Hibernate verb
1: to pass the winter in a torpid or resting state
2: to be or become inactive or dormant


The moment spring weather arrives, I am out the door with a sweater, eager to suck in the fresh air and find what weeds have bloomed tiny, bright flowers that match my excitement for the change in weather. Summer has me outdoors all the same with hiking trails to discover, water to swim in, and fruit still warm from the sun to be eaten. Autumn is similar, but with greater pause. The sun is up for shorter spans of time and I am growing tired and eager to rest. We begin to, little by little as the days grow shorter. We find ourselves indoors making hearty meals, but we also still are energized by the celebration of holidays. Tradition abounds, calling forth pumpkins then family recipes and turkey stock, followed by brief stints outdoors to select the most perfect evergreen that will bring nature indoors for the month of December. By the new year, my body expects more activities and is confused when there are none, and after a week, it is happy to remain inside.

January and February have always been the months I dread the most. The dimmest months with no holiday cheer, no twinkling lights, but still the cold temperatures and dim days. With motherhood, I realized I couldn’t quite hole myself away under layers of blankets as I waited for those months to pass, and I had to try and look to the first two months of the year with a different perspective.

And so I made a plan.

New Year resolutions never stuck with me. I needed small goals, tiny ones I could take in sips and accomplish one at a time. First, I would try to do more art. Then I would take my vitamins. All from the comfort of my home which I had not spent so much time in since moving into the residence. With the cold temperatures outside and ice hanging off the gorge walls where many hiking trails ran, trails were closed. It seemed the world and weather had the clear idea that hibernating was the best way to pass winter but being indoors caused me to reconsider our home.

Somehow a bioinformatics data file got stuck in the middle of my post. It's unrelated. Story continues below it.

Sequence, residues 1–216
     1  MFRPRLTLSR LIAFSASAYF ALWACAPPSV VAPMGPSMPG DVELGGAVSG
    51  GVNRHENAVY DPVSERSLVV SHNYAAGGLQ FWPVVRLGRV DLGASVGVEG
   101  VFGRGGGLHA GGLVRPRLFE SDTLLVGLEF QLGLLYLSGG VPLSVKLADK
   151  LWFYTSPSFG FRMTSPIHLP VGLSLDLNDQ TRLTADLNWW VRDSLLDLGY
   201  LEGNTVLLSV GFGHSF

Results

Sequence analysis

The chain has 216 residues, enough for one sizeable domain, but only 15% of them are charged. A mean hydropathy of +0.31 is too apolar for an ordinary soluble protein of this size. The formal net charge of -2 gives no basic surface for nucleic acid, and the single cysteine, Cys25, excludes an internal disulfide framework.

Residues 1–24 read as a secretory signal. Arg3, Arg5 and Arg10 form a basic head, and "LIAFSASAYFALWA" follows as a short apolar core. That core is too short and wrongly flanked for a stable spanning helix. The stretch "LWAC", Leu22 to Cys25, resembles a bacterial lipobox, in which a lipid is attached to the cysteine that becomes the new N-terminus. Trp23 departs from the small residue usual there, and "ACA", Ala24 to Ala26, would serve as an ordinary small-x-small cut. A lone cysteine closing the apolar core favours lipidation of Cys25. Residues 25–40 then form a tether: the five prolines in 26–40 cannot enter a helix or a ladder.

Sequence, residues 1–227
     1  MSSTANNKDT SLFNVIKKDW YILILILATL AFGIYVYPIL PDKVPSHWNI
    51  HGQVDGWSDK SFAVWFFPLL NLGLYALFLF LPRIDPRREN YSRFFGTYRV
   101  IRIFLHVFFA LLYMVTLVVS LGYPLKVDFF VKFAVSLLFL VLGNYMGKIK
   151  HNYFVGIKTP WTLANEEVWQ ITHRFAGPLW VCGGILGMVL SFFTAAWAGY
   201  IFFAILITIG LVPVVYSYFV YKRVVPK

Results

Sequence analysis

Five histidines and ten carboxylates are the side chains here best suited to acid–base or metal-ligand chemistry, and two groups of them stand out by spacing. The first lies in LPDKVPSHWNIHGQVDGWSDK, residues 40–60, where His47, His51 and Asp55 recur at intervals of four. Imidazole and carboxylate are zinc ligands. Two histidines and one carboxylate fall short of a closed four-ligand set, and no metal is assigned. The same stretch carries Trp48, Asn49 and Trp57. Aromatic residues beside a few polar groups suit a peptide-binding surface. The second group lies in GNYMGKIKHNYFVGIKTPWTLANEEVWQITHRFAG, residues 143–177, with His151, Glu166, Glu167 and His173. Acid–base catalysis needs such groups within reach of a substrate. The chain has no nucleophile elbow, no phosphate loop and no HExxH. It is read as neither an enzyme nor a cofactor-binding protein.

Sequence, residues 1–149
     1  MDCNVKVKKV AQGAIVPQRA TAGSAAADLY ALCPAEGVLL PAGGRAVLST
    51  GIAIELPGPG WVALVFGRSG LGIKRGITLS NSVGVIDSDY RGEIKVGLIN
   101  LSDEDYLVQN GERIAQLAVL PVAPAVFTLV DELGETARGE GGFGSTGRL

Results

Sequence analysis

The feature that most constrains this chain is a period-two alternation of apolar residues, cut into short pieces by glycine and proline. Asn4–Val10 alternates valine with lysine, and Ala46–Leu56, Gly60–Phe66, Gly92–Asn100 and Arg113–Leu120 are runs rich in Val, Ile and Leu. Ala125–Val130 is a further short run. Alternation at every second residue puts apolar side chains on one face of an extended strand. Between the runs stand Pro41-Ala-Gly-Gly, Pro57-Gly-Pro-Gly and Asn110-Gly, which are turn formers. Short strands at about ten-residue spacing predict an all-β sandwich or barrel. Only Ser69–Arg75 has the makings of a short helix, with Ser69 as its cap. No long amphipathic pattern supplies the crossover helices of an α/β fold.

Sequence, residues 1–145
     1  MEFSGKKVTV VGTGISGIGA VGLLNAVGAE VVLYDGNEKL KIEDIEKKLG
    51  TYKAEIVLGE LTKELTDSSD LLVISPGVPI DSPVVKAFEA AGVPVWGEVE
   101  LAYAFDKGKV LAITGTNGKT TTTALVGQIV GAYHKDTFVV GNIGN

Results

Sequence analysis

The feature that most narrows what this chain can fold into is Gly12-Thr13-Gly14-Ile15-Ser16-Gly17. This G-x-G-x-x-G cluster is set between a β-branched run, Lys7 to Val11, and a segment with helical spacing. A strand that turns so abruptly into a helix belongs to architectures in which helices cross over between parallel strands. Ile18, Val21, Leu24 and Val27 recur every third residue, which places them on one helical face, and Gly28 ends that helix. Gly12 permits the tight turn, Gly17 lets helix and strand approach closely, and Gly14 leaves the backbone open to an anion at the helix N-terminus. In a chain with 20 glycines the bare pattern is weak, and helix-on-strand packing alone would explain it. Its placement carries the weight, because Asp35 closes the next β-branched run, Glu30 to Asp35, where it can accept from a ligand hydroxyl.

A year prior, we had begun to burn beeswax candles that were given to us yearly as Christmas gifts but as each candle finished, we were left with a stump of wax that was thrown away. Now with the new year, it seemed fitting to consider a new activity: candle making. So the stumps of beeswax we had from old candles began to be collected. Our glass jars, emptied from eating the last of the summer pickles and jams, were carefully cleaned and I began a sourdough starter.

We have also looked to our budget, unhappy with our spending habits, and felt what better time to work diligently to save money and pay off debts than in the winter months? No outdoor activities are beckon us until maple sugar season, and we have enough here for endless entertainment no matter the weather, so charts were created and numbers tossed about, bills paid, and hopefully all for the better.

So many winters that have passed have felt like such a burden. But with life so short, it felt unfair to not attempt to change my viewpoint of winter months. To celebrate the season and find joy in it in one way or another. We have spent much of January resting and regaining energy for the busy summer that is sure to arrive before we are ready, but these little projects at home, these small goals, have kept each day fresh and exciting. In a way, it makes me excited to see what else winter will bring as we hibernate.

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